For many undocumented immigrants, the underground economy is the only means of finding a job. But that does not mean that unauthorised foreign workers are the reason why the underground economy exists. To explain that, one can cite a range of causes, from institutional rigidities in the formal sector, such as heavy taxes and work hour restrictions. Social attitudes are also a factor. Some countries, such as in southern Europe, appear more tolerant of large informal sectors than, say, Scandinavian countries. Nevertheless, it is true that the existence of the underground economy increases the opportunities for employment of unauthorised migrants, particularly if trafficking networks are operating too.

So what of pay, does illegal immigration have a direct effect on that too? Perhaps not. A study by Douglas Massey of four Mexican communities observed in the United States and Mexico shows that an illegal status is not necessarily a reason for lower pay in itself, but rather it has an indirect influence. Its association with breaks or short periods of stay, as well as the tendency of illegal migrants to confine their job search to lowly paid sectors, depresses pay levels for illegal and legal migrants alike. In France during the 1960s, when periodic regularisation rounds took place, employers applied a strategy involving both categories of labour. They directly hired foreigners awaiting authorisation already present in France, and if these were not enough to fill their labour requirements, they recruited legal immigrants too. The risks run by the employers were limited, since the illegal migrants soon obtained the authorisation they needed. But the legal system of recruitment with its sometimes lengthy formalities was bypassed and immigrants accepted the first job offered, usually at the bottom of the pay scale. Once they had their legal papers in order, they sometimes had less difficulty, in a context of strong industrial growth and labour scarcity, climbing up to better paid jobs than even their legal counterparts, whose work contracts tied them to the minimum wage.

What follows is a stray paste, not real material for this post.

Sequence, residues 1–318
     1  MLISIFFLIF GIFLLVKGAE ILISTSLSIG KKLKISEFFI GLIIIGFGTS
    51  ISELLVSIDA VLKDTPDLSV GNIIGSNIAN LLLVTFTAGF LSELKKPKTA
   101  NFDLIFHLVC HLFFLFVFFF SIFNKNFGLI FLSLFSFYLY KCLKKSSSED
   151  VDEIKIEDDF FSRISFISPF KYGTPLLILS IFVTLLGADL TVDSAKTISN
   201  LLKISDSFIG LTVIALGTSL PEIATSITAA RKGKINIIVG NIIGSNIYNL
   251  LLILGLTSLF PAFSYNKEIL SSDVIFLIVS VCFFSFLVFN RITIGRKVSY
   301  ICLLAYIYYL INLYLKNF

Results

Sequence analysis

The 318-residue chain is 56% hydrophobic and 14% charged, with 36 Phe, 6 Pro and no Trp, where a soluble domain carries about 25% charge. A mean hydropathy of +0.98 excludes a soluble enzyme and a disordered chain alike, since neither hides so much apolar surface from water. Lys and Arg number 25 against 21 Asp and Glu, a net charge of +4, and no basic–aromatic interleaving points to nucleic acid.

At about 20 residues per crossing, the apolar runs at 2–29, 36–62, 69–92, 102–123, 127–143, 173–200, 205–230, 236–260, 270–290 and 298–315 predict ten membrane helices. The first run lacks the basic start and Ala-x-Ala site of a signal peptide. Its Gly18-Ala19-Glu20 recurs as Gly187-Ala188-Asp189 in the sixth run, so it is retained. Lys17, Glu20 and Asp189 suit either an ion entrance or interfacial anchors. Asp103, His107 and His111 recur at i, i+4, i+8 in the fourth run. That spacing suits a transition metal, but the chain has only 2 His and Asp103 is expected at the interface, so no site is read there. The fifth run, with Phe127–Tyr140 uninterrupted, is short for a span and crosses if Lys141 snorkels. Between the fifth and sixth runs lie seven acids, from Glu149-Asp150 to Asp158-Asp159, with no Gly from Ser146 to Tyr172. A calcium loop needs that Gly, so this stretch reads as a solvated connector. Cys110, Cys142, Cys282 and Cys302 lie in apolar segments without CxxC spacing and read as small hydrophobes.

Crowding out the locals

The question of the effects of illegal immigration on wages and employment of society’s most vulnerable workers is an extremely delicate one. Take the minimum wage for instance. Raising it – or other forms of guaranteed income – may in fact act as a spur to illegal migration, since the higher minimum wage payable to nationals increases the attraction to employers of hiring illegal immigrants. This crowding out affects legal immigrants and national low-wage earners alike, compromising their work-related advantages and undermining their job security, particularly when unemployment is high. It is precisely the kind of argument used in support of policies to limit recruitment of new immigrants.

The question of competition in the labour market has to be linked with the social cost of illegal immigration. In the fiscal context, undocumented foreign workers and their families cannot be said to be a drain on national budgets, on the contrary. The only true cost associated with illegality is that of services provided regardless of status, such as schooling. But the contention that free welfare services are an inducement to illegal immigration is debatable, mainly because in most countries illegal immigrants cannot easily access those services. Nor can illegal immigration be held accountable for all the costs associated with controlling border flows. In short, for illegal immigration to be a burden on the nation’s finances, the cost of flow control would have to exceed the balance of fiscal and social expenditure and revenue – a highly unlikely result.

The truth is that labour market studies have so far failed to identify and incorporate what is specific to illegal migration as a subject of economic analysis. That is probably why most studies on illegal migration, particularly in the United States, end up equating employment of illegal migrants with that of unskilled migrants. The difference between the two groups does suggest that policy-makers dealing with the question should be more concerned about the effect illegal immigrants have on wages and the labour market, rather than concentrating on controlling their undocumented status per se. END

BIBLIOGRAPHY

Delaunay, D. and Tapinos, G., La mesure de la migration clandestine en Europe. Vol.1 : Rapport de synthčse, Eurostat Working Paper, March 1998.

Ź Hanson, G.H. and Spilimbergo, A., Illegal Immigration, Border Enforcement, and Relative Wages: Evidence from Apprehension at the U.S.-Mexico Border, NBER Working Paper No. 5592, May 1996.

Ź Massey, D, “Do undocumented migrants earn lower wages than legal immigrants? New evidence from Mexico”, International Migration Review Vol. XXI, No. 2, 1987, pp. 236-274.

Ź Moulier Boutang, Y., Garson, JP. and Silberman, R., Economie politique des migrations clandestines de main-d’oeuvre, Publisud, Paris 1986.

Ź OECD, Combating the Employment of Illegal Immigrant Workers (Proceedings of the seminar at The Hague), FORTHCOMING, March 2000.

©OECD Observer No 219, December 1999